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Cat Ownership Not Associated with Mental Health Issues

Cat Ownership Not Associated with Mental Health Issues

New research has refuted suggestions that people who grew up with cats are at higher risk of mental illness.

The original allegation between cat ownership and psychotic symptoms was tied to the fact that cats are the primary host of the common parasite Toxoplasma Gondii (T. Gondii), itself linked to mental health problems such as schizophrenia.

Now, a new study suggests that cat ownership in pregnancy and childhood does not play a role in developing psychotic symptoms during adolescence.

The study, published in Psychological Medicine, looked at nearly 5000 people born in 1991 or 1992 who were followed-up until the age of 18. The researchers had data on whether the household had cats while the mother was pregnant and when the children were growing up.

“The message for cat owners is clear: there is no evidence that cats pose a risk to children’s mental health,” says lead author Dr. Francesca Solmi (UCL Psychiatry).

“In our study, initial unadjusted analyses suggested a small link between cat ownership and psychotic symptoms at age 13, but this turned out to be due to other factors.

Once we controlled for factors such as household over-crowding and socioeconomic status, the data showed that cats were not to blame. Previous studies reporting links between cat ownership and psychosis simply failed to adequately control for other possible explanations.”

The new study was significantly more reliable than previous research in this area since the team looked at families who were followed up regularly for almost 20 years.

This study design is much more reliable than the methods used in previous studies, which asked people with and without mental health problems to remember details about their childhood. Such accounts are more vulnerable to errors in recall which can lead to spurious findings.

Previous studies were also relatively small and had significant gaps in the data, whereas the new study looked at a large population and was able to account for missing data.

The new study was not able to measure T. Gondii exposure directly, but the results suggest that if the parasite does cause psychiatric problems then cat ownership does not significantly increase exposure.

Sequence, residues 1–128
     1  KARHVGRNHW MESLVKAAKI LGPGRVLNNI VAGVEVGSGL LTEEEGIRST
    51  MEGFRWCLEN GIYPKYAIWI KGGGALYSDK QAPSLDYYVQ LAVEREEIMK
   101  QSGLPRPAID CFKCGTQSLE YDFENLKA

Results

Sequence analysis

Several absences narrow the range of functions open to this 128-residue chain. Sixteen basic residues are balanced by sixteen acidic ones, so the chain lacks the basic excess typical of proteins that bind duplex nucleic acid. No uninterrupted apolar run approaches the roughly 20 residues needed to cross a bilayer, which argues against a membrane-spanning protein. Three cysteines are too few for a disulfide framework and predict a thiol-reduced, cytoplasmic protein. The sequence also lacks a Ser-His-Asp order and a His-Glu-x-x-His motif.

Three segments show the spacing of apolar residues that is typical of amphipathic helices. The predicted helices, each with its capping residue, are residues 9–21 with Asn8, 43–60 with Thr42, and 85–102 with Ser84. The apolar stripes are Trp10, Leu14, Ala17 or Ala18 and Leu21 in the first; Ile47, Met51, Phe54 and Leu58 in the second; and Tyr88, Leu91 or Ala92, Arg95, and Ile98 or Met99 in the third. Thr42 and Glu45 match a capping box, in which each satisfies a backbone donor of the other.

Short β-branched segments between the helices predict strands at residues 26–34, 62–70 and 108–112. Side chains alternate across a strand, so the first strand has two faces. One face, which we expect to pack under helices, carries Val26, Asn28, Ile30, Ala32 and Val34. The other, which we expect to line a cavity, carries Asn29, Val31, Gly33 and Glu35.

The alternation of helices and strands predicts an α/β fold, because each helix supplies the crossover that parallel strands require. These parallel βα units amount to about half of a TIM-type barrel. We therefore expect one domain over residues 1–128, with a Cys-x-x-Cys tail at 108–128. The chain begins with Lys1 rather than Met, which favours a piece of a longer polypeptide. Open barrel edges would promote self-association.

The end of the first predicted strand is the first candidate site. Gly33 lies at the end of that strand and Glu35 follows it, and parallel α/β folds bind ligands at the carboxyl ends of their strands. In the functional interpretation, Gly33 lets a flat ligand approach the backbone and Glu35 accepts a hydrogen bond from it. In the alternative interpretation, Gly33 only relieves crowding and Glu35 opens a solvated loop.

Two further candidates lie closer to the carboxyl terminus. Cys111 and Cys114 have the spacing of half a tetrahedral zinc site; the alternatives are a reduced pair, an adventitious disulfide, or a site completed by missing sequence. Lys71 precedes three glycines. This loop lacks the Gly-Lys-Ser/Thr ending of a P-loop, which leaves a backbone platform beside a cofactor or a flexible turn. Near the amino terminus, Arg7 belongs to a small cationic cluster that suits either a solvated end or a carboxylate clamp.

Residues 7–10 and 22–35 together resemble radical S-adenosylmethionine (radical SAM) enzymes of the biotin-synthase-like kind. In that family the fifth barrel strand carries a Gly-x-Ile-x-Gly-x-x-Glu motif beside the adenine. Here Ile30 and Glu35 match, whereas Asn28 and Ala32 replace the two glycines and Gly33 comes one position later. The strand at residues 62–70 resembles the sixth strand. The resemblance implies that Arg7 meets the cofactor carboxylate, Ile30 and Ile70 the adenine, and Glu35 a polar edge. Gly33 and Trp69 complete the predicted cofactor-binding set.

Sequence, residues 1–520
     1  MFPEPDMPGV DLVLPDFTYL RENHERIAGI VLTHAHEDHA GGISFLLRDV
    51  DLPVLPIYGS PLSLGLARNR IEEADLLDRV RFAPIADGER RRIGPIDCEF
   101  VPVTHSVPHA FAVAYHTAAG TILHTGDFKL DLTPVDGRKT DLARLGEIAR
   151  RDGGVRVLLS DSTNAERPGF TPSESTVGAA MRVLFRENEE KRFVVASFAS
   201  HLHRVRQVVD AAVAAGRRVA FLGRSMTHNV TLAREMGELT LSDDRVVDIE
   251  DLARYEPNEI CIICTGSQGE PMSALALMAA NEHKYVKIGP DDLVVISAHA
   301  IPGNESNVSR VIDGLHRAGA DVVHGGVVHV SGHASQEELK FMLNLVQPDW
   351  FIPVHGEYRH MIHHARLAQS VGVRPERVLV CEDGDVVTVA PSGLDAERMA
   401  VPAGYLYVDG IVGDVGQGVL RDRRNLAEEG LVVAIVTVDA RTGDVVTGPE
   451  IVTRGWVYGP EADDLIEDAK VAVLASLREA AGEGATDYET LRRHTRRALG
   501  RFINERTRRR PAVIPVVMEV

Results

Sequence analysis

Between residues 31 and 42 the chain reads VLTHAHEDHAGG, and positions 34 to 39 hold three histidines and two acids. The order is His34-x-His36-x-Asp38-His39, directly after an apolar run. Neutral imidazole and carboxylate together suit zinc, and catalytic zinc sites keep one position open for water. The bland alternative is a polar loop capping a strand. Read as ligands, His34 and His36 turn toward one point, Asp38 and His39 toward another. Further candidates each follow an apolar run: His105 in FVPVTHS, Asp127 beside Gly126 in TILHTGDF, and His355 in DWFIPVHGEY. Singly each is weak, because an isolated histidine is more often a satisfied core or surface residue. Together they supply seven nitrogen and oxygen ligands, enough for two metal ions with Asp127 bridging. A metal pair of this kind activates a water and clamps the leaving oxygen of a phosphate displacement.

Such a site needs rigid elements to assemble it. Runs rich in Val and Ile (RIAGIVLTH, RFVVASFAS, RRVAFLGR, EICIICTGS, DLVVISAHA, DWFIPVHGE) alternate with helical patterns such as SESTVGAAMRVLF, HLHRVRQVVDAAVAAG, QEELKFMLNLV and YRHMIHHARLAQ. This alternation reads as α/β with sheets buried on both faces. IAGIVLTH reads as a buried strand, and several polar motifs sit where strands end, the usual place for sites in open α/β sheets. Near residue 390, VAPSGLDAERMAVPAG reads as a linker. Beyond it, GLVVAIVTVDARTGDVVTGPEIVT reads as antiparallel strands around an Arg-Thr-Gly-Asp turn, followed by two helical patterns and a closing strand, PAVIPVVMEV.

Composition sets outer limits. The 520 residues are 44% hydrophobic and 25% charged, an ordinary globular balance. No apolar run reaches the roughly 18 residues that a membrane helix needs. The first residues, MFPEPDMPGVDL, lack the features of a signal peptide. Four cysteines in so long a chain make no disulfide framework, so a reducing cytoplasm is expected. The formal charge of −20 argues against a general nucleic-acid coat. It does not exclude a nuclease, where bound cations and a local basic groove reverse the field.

“Our study suggests that cat ownership during pregnancy or in early childhood does not pose a direct risk for later psychotic symptoms,” explains senior author Dr James Kirkbride (UCL Psychiatry).

“However, there is good evidence that T. Gondii exposure during pregnancy can lead to serious birth defects and other health problems in children. As such, we recommend that pregnant women should continue to follow advice not to handle soiled cat litter in case it contains T. Gondii.”

Source: University College London

Cat Ownership Not Associated with Mental Health Issues

Rick Nauert PhD

Rick Nauert, PhDDr. Rick Nauert has over 25 years experience in clinical, administrative and academic healthcare. He is currently an associate professor for Rocky Mountain University of Health Professionals doctoral program in health promotion and wellness. Dr. Nauert began his career as a clinical physical therapist and served as a regional manager for a publicly traded multidisciplinary rehabilitation agency for 12 years. He has masters degrees in health-fitness management and healthcare administration and a doctoral degree from The University of Texas at Austin focused on health care informatics, health administration, health education and health policy. His research efforts included the area of telehealth with a specialty in disease management.

APA Reference
Nauert PhD, R. (2017). Cat Ownership Not Associated with Mental Health Issues. Psych Central. Retrieved on December 14, 2018, from https://psychcentral.com/news/2017/02/24/cat-ownership-not-associated-with-mental-health-issues/116861.html

 

Scientifically Reviewed
Last updated: 24 Feb 2017
Last reviewed: By John M. Grohol, Psy.D. on 24 Feb 2017
Published on PsychCentral.com. All rights reserved.